History Detective Work

Sometimes when the facts don’t add up in your family story, you may find yourself playing History Detective. I found a case that looked like either the dead had been resurrected, or someone had defrauded the state of North Carolina.

In researching Oswald Alexander of Mecklenburg County, N. C., (1836-1915) I found that after his death, his wife Mary R. Alexander applied for a Confederate widow’s pension. However, in the cemetery of Sharon Presbyterian Church in Charlotte, I had seen and photographed the grave monument of Oswald’s wife, Mary Reid Alexander, who died in 1894!

Over a period of years, I collected records indicating that:

In Mecklenburg County, N. C.,

  1. Mary Frances Reid married John Mack White, who died in the Civil War.
  2. Mary Reid next married Oswald Alexander, and about 25 years later, she died.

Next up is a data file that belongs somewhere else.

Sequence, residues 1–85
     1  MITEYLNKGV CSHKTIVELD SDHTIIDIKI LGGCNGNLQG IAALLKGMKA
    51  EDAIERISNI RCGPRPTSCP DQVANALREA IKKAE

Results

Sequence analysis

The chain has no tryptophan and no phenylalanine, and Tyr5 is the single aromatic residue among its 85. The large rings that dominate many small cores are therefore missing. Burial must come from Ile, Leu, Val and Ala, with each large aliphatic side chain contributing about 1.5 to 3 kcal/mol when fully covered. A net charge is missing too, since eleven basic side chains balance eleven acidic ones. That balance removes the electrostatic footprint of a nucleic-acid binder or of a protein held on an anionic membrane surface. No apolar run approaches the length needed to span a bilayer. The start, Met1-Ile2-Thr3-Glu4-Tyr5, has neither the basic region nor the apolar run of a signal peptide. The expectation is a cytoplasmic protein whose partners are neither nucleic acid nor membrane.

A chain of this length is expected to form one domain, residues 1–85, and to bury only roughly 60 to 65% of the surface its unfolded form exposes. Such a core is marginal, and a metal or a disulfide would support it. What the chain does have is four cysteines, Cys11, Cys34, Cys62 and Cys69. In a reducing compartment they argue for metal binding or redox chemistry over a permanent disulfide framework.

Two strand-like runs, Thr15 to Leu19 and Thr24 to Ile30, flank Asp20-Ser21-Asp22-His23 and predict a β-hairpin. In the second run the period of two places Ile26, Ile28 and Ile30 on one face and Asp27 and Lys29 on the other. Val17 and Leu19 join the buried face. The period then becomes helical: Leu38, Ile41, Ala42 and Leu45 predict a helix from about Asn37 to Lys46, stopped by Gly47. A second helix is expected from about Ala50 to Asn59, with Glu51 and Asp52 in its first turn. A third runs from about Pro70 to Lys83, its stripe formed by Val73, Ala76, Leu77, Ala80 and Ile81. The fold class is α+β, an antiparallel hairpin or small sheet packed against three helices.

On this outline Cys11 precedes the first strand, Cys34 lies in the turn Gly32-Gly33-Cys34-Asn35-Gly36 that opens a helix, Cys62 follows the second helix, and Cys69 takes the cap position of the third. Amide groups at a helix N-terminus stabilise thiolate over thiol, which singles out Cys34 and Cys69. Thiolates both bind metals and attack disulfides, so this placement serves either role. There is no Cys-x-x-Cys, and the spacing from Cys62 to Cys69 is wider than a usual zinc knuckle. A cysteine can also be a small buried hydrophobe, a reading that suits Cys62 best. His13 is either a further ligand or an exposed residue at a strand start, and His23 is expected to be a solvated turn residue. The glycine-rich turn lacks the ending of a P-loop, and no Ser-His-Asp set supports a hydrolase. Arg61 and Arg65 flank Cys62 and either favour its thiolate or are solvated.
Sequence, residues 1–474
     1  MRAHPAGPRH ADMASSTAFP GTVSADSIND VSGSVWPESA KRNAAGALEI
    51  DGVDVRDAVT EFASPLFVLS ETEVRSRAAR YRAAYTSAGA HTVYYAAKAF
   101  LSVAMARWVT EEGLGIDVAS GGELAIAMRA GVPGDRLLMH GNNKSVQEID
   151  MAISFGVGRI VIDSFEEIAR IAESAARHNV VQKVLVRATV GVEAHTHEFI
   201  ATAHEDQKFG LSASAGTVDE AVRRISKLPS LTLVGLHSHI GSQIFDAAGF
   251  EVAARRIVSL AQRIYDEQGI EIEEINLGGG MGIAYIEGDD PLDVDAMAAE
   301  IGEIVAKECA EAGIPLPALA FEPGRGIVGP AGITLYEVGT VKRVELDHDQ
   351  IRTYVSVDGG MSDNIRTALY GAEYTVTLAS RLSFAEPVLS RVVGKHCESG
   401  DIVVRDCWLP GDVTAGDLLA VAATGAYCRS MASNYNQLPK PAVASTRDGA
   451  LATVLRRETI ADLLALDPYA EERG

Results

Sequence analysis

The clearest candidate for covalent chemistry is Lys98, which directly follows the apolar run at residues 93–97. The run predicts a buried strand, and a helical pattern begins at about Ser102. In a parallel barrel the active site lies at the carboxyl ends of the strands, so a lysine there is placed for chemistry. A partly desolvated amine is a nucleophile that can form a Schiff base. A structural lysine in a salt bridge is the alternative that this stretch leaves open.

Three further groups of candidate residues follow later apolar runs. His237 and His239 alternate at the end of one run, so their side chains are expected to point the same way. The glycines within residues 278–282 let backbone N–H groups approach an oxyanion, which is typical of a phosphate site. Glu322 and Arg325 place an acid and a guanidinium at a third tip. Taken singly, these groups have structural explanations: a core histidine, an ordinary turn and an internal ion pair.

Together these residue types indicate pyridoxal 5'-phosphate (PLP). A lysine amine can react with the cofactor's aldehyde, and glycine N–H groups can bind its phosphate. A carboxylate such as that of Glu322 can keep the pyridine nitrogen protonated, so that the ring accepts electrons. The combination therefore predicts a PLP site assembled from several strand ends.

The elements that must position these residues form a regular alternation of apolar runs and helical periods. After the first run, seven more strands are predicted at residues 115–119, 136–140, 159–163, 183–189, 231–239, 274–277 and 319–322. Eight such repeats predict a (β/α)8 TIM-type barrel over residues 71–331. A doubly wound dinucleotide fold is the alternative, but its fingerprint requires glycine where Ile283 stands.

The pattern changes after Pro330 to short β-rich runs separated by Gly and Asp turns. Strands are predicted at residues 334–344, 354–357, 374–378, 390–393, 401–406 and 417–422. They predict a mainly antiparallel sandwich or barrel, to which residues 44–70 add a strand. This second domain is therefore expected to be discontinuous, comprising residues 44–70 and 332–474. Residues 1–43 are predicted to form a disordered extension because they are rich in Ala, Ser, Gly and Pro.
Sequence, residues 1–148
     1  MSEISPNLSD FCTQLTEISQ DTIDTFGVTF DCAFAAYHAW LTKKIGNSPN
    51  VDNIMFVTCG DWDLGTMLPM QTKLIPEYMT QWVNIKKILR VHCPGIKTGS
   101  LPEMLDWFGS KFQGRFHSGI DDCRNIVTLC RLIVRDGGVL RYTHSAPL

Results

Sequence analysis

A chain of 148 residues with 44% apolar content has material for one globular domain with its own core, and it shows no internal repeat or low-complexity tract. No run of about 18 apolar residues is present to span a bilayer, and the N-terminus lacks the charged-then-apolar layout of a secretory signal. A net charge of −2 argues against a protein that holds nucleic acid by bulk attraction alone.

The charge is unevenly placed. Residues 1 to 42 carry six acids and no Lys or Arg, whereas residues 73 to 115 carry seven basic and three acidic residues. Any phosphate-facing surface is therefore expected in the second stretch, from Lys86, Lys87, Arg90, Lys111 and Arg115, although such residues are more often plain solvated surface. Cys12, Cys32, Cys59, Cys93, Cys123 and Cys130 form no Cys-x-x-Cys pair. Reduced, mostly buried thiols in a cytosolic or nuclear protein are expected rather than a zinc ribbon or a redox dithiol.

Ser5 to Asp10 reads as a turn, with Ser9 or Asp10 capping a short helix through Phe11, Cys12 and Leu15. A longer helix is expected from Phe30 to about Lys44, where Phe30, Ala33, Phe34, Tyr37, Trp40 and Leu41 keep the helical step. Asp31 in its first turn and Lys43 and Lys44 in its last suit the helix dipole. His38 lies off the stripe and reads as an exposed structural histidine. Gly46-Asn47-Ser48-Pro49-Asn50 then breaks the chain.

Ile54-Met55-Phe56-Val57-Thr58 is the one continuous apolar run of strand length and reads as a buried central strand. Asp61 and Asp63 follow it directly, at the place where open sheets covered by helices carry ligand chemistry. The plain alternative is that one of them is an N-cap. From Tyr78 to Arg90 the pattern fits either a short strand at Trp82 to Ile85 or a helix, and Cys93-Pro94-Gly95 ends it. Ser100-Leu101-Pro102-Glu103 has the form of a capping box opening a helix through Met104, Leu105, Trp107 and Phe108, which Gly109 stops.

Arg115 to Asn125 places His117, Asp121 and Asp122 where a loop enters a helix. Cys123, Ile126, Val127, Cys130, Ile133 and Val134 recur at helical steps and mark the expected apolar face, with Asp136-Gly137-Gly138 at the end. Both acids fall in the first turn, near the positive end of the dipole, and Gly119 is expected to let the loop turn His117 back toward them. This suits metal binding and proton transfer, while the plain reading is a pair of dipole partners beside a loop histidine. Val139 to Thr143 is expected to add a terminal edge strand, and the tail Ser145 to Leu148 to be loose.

Meanwhile, in South Carolina,

  1. John A. Walker married Mary Crain, and they had a daughter named Mary Crawford Walker, and then Mary C. Walker, Sr., died.
  2. John A. Walker married Mary Rutland, and they had a son named John Rutland Walker.
  3. John Walker, Sr., died.

Then,

  1. Oswald Alexander married Mary Rutland Walker in South Carolina, in 1897.
  2. Oswald died and Mary R. Alexander applied for a confederate widow’s pension in N. C.
  3. Mary R. Alexander and Mary C. Stough, both widows, shared a household in Mecklenburg County. Mary Alexander, only 5 years older than Mary Stough, was her stepmother.

Altogether, I found records for two Mary C. Walkers, two Mary R. Alexanders, and two John Walkers, whose life histories intertwined and criss-crossed the border between the Carolinas.

The death certificate of Mary Crawford Walker Stough, which gave the names of her spouse, parents, and stepmother, helped to clarify their relationships and put them in their proper places on the family tree. With the help of newspaper announcements of marriages and deaths, I was able to sort out these people and find their official records. After a thorough search, I was relieved to find that the dead stayed buried and all parties were honest!

Copyright 2018 by Glenda Alexander. All rights reserved.

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